Profile: Moritz Von Oswald
- Colin Chapman
- 6 October 2011
Rare live show from minimal techno pioneer in association with club night Animal Farm
This Saturday sees one the most important and legendary figures in electronic music, Moritz Von Oswald, play a rare, pre-Subculture live set with Tikiman, organized jointly by Animal Farm and the Sub Club. An established percussionist for the likes of Palais Schaumberg, Holger Hiller and The Associates during the 80s, it was his dub-influenced techno productions as Basic Channel alongside Mark Ernestus in the next decade that saw Von Oswald begin gain wider recognition.
His earlier forays into the genre, as 2MB and 3MB, were Detroit-focused collaborations with Blake Baxter, Eddie ‘Flashin’ Fowlkes and Juan Atkins, artists originally brought to his home town of Berlin by friend and owner of the original Tresor club, Dimitri Hegemann. However, his passion for dub would establish itself through his relationship with the owner of the city’s Hardwax record shop, Mark Ernestus.
Their shared appreciation of the sound, in particular a passion for Jamaican-born, New York-based producer, Lloyd Barnes’ Wackies label output, led to a friendship being developed and later, the decision to forge a studio partnership, resulting in the release of a rapid succession of highly influential 12” recordings, firstly as Basic Channel and later Maurizio. Combining techno and dub elements with elaborate analogue studio and mastering techniques, they defined an inimitable and easily recognizable sound aesthetic with the likes of ‘Quadrant Dub’, ‘Phylyps Track’ and ‘Domina’ proving hugely inspirational for the likes of Richie Hawtin, Thomas Brinkmann, Robert Henke (aka Monolake), Deadbeat, Echochord and countless others.
Running concurrently with the Maurizio ‘M’ series of releases, Von Oswald and Ernestus also developed their own take on Chicago house, collaborating with vocalist Andy Caine on their Main Street offshoot label before taking a more dub-reggae-orientated path with Jamaican singer Tikiman on follow-up singles, ‘Acting Crazy’, 'Find A Way' and ‘Na Fe Throw It’.
As the 90s became the 00s he ploughed this particular musical furrow further still, establishing another imprint, Burial Mix, recording more tracks with Tikiman and other reggae artists such as Cornell Campbell, Sugar Minott and Chosen Brothers, whose Wackies release, ‘Mango Walk’ the duo twisted into the brilliant, echo and reverb-laden instrumental dub, ‘Mango Drive’.
However, with his career already seemingly characterized by its groundbreaking, evolving nature, it is perhaps of little surprise that the last five years have seen Moritz Von Oswald venture into new, previously unexplored musical territories.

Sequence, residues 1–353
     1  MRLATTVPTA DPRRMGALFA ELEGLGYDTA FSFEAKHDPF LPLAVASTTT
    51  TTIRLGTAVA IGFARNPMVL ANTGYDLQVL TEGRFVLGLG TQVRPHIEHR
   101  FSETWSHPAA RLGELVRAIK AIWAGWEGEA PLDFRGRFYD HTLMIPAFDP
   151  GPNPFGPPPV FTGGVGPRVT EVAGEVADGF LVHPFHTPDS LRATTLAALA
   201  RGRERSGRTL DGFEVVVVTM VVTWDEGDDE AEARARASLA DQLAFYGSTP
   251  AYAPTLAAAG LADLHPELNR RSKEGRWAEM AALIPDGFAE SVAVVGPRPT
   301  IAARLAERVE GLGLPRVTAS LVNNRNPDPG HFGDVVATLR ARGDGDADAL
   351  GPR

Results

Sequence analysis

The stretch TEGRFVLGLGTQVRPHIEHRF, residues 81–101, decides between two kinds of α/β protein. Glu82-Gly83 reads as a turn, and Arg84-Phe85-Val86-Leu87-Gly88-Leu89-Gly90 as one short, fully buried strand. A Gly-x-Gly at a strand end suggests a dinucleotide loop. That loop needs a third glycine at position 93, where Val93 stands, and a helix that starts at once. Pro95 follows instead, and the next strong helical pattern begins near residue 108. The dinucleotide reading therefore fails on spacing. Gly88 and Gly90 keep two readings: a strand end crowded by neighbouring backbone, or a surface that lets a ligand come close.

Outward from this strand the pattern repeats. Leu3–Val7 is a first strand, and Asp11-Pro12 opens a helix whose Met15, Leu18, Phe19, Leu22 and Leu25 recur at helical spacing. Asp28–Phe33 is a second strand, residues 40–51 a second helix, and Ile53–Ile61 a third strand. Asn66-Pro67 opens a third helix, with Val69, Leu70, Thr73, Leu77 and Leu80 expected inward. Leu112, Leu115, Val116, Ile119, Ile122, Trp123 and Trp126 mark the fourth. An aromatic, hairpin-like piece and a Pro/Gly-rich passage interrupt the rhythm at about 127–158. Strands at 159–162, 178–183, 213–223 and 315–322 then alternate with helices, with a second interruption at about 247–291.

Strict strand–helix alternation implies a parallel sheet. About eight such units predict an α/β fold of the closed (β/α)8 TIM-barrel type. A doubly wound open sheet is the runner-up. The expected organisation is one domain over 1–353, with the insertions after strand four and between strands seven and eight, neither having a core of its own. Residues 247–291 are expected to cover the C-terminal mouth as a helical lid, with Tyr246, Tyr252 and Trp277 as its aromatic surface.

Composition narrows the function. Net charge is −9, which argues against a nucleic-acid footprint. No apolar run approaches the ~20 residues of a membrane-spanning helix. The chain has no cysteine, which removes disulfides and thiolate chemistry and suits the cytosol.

No longer so closely associated with Mark Ernestus, the German has branched out to collaborate with a number of other artists, including Carl Craig, with whom he reworked music by Maurice Ravel and Modest Mussorgsky on 2008’s Recomposed, an album based on original master tapes recorded by the Berlin Philharmonic Orchestra under conductor, Herbert von Karajan.
Von Oswald has increased his efforts to bring the previously disparate genres of classical and electronic music closer together through his mastering and sound design work on Luxembourg-born pianist, Francesco Tristano’s ‘Auricle/Bio/On' project, a relationship that has developed further, thanks to the pair joining forces with Carl Craig to combine electronic and classical instrumentation in a live setting as Shape.
His more leftfield musical leanings have not ended there. Two years ago he formed The Moritz Von Oswald Trio, consisting of Max Loderbauer on modular synthesizer, Sasu Ripatti on percussion and himself on keyboards, a response to his invitation to perform live by Berlin’s Club Transmediale Festival, the group took to the stage after only one rehearsal, a testament to the experience of the three musicians involved. Initially purely a live project, they have since gone onto release the albums’ Vertical Ascent, Horizontal Structure and a concert recording, Live In New York, taking improvisational jazz as a reference point.
Despite this involvement in classical and experimental music, Von Oswald has recently resurrected his partnership with Tikiman to once again play live sets that utilise his timeless, genre defining back catalogue of dub and techno as Basic Channel, Maurizio and Rhythm & Sound, an opportunity that proved to good to pass up for Animal Farm promoter Darren Quail: 'Moritz has been a real influence on the style of techno I listen to and play; one of the first records I ever bought was the Maurizio M5 release. I’ve always wanted to bring him to Glasgow and had originally looked into two years ago but due to his ill health it wasn’t possible. When I became aware of his availability again, it made sense for us to join forces with the Sub Club and have him play prior to Subculture. His music not only touches on dub, but also the kind Detroit techno and Chicago house the night’s been built on and it’ll be great to hear play live in such an intimate setting.'